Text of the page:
“The clothes are the evidence, but it is the brand that tells the story”
As part of BrandCap’s Palm & Co entrepreneurial initiative, we’ve been working with London based, contemporary women’s fashion brand, Simo (simocollective.com) to drive growth and communicate its unique positioning within the market. Founded in 2015, the brand was created by a collective of pioneers, united by their belief in the need for a new design code for modern women.
With the brand fast gaining traction in the very fickle fashion market, we asked Andrew to share his story.
What’s your background?
Management consultancy. As far away from the fashion world as you can get!
What was the impetus for starting Simo?
A few years ago my wife, Astrid, who works at the Belgian embassy in London, was perplexed. She just couldn’t find a brand that represented her outlook and lifestyle. She was looking for a style that evoked intelligence and independence of spirit, that also combined simplicity with individuality. She also wanted a brand that went from day to evening, and worked across her many interests and roles as a modern woman. She jokingly said we should launch a label as her friends had the same problem. The idea nagged at me and wouldn’t go away. I had to do something about it. I therefore took a work sabbatical and waded in feet first.
Creating the brand
What was the role of the brand in helping shape the journey/ experience?
Brand was more implicit than explicit at the start. Our initial chain of logic was fourfold:
- Identify customer problem
- Create beautiful products
- Build channel to market
- Define marketing strategy
Brand wasn’t something we hugely focused on. But as we gained more experience in the fashion world we realised that we needed to forge an emotional connection with our customers and brand would be instrumental to achieve this.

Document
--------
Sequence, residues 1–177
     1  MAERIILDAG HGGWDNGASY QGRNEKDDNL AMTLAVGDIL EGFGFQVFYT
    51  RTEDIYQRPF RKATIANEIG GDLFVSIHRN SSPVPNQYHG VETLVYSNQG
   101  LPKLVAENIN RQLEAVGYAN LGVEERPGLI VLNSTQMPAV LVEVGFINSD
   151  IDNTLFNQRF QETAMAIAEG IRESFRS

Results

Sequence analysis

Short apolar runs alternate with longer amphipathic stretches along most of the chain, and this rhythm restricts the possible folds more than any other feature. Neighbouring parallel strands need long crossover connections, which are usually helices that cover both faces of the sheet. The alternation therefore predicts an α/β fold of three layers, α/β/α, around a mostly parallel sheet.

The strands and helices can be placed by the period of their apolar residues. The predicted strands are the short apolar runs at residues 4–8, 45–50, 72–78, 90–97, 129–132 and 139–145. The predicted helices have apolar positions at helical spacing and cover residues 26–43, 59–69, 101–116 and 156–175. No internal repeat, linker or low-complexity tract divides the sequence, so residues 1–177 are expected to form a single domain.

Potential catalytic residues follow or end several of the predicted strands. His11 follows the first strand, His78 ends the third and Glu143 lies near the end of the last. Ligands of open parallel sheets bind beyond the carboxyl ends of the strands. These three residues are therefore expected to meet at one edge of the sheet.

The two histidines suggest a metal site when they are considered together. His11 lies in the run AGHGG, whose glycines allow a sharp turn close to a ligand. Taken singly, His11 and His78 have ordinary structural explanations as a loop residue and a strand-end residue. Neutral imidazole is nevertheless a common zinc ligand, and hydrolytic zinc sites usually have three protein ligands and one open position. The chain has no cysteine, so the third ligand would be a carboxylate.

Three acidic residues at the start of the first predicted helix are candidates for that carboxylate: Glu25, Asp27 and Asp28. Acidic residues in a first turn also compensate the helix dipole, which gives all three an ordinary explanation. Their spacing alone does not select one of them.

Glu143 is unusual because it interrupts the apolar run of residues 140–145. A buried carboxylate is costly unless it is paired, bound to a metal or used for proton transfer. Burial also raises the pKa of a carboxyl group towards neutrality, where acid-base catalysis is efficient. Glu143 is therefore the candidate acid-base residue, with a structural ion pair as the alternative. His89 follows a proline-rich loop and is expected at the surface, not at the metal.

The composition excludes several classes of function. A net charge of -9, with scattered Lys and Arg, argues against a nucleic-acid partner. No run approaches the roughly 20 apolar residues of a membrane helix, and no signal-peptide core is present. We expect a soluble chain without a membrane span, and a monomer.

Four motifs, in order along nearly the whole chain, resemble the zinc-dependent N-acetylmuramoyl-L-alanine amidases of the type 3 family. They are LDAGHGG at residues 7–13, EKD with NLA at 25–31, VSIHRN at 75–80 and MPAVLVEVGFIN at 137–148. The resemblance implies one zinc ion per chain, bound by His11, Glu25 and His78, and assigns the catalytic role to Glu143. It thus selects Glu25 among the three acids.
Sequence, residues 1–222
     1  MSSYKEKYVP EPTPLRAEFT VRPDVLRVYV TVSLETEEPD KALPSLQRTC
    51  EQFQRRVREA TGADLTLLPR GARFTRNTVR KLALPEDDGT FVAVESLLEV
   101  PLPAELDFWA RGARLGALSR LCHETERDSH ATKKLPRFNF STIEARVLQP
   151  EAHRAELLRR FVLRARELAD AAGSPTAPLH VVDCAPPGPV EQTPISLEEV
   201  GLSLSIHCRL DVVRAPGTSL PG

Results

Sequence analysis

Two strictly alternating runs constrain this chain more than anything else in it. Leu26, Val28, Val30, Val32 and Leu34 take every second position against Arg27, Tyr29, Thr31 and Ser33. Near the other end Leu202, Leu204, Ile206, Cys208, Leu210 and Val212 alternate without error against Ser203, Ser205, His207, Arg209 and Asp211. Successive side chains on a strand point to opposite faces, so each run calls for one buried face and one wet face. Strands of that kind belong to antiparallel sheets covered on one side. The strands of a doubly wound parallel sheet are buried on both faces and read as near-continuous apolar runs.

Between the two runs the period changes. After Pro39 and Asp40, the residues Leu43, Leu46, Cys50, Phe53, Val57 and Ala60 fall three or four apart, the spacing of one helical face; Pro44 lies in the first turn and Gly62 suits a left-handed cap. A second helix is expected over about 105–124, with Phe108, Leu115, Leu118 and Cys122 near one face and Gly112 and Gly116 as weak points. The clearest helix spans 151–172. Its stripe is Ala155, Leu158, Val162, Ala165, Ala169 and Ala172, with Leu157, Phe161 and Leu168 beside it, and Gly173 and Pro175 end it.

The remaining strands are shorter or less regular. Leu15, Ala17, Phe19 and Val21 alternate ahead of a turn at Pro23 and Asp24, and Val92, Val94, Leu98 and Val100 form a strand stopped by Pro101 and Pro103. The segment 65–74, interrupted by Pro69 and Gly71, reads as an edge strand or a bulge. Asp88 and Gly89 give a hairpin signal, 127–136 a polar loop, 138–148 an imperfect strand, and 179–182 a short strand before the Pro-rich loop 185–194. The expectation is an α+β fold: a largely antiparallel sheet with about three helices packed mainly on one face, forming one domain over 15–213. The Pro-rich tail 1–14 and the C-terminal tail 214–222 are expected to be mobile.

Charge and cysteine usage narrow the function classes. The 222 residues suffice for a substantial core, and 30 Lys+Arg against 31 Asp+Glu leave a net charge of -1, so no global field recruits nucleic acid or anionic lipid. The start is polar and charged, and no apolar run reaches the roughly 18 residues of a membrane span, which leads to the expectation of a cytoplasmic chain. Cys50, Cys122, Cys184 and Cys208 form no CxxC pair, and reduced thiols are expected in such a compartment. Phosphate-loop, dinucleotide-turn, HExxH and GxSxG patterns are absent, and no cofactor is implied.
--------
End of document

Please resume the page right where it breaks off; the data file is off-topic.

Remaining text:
Often as an entrepreneur you have a vision for the brand at the start. Is the brand your vision, or did the journey open your eyes and take you down different paths?
Our brand has always been in our DNA, but we needed help to articulate it and bring it to the fore. I was initially skeptical, but it is the brand journey that has enabled us to evolve and grow as a business.
Moment of triumph?
You would have thought it would be seeing our first dress in our London factory, but I actually felt really nervous as all I could think about was the amount of working capital tied up in the production run! My proudest moment, therefore, was looking at the results of our first beautiful photo shoot with Phil Dunlop. It was then that I knew we had created something really special.
Moment of fear?
Taking the plunge! I’d raised all the money (which in retrospect was the easy bit) now I had to deliver (the hard bit).
What’s been your biggest learning?
In a sector as fast moving and reputation-based as the fashion industry, strength of brand is absolutely crucial. This is without a doubt the biggest learning we’ve had so far. The clothes are the evidence, but it is the brand that tells the story.
What would you have done differently?
Taken things more slowly. Building a brand takes time and there can be no compromise. Once the DNA is there, then you can think about scaling.
The fashion industry revolves around reputation and personal contacts. There are lots of unwritten rules. I had underestimated this hugely. If you don’t have either it takes a lot of hard work and tenacity to achieve anything.
With my newfound knowledge of the importance of brand, ensure that all decisions are made through a brand lens. Don’t be afraid to say no to commercial opportunities if they are not right for the business.